A selection of key paragraph(s) can be found below the document.
(g) Relevant factors for the fairness assessment
274. Having regard to the fact that a criminal trial generally involves a complex interplay of different aspects of criminal procedure, it is often artificial to try and categorise a case as one which should be viewed from the perspective of one particular Article 6 right or another. As noted above (see paragraph 254), complaints concerning a failure to respect the express or implied Article 6 rights at the investigation stage in criminal proceedings will often crystallise at trial, when the evidence obtained is admitted. When examining the proceedings as a whole in order to assess the impact of procedural failings at the pre-trial stage on the overall fairness of the criminal proceedings, the following non-exhaustive list of factors, drawn from the Court’s case law, should, where appropriate, be taken into account:
(a) Whether the applicant was particularly vulnerable, for example, by reason of his age or mental capacity.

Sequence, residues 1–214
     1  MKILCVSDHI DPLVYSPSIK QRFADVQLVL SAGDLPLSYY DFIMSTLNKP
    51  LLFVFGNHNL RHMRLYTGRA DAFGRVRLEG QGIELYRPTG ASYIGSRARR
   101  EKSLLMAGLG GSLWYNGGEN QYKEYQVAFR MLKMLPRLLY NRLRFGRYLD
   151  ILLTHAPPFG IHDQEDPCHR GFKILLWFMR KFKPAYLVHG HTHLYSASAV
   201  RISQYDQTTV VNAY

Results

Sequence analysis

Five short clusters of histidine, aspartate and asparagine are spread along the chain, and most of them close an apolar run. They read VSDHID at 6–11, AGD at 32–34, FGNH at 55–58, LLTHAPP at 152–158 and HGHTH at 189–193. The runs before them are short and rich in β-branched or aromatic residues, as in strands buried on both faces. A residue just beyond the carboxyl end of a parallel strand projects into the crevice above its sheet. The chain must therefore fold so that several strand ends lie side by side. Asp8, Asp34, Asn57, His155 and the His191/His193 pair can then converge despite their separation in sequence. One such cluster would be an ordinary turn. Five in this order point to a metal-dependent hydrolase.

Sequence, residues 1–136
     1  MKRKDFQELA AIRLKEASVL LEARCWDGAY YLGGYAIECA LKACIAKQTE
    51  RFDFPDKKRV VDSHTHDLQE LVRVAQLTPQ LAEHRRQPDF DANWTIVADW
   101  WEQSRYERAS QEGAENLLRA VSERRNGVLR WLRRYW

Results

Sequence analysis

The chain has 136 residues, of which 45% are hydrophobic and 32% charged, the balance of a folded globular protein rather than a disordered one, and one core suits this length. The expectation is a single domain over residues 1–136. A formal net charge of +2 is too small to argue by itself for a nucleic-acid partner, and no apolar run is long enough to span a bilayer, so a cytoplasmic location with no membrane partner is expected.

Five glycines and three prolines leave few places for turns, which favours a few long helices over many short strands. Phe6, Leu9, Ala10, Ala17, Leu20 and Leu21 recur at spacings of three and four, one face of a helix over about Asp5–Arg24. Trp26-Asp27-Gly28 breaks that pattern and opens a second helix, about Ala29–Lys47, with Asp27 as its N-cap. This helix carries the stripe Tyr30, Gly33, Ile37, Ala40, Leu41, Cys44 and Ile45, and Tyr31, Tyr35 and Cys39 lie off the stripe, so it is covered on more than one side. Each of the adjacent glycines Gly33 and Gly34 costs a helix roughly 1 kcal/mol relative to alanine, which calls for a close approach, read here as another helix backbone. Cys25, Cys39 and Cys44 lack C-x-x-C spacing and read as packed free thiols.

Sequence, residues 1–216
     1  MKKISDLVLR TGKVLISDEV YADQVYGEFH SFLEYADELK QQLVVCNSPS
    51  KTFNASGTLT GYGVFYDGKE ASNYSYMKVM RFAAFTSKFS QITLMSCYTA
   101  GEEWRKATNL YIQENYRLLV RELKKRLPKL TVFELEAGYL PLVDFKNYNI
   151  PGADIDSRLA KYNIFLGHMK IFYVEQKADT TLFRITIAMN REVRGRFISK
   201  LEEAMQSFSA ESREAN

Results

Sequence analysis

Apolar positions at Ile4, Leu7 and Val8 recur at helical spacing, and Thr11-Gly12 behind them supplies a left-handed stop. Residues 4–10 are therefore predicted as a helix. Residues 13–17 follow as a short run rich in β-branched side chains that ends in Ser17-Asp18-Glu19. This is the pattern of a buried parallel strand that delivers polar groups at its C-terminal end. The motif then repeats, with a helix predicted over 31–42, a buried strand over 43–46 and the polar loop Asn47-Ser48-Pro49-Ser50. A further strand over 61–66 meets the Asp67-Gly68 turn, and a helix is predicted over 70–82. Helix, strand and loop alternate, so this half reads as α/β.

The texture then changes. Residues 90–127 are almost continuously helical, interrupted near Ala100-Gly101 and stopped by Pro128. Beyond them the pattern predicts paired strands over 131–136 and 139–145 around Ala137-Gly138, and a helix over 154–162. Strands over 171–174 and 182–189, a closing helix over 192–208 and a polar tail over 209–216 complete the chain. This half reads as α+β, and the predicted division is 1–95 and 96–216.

(b) The legal framework governing the pre-trial proceedings and the admissibility of evidence at trial, and whether it was complied with; where an exclusionary rule applied, it is particularly unlikely that the proceedings as a whole would be considered unfair.
(c) Whether the applicant had the opportunity to challenge the authenticity of the evidence and oppose its use.
(d) The quality of the evidence and whether the circumstances in which it was obtained cast doubt on its reliability or accuracy, taking into account the degree and nature of any compulsion.
(e) Where evidence was obtained unlawfully, the unlawfulness in question and, where it stems from a violation of another Convention Article, the nature of the violation found.
(f) In the case of a statement, the nature of the statement and whether it was promptly retracted or modified.
(g) The use to which the evidence was put, and in particular whether the evidence formed an integral or significant part of the probative evidence upon which the conviction was based, and the strength of the other evidence in the case.
(h) Whether the assessment of guilt was performed by professional judges or lay jurors, and in the case of the latter the content of any jury directions.
(i) The weight of the public interest in the investigation and punishment of the particular offence in issue.
(j) Other relevant procedural safeguards afforded by domestic law and practice.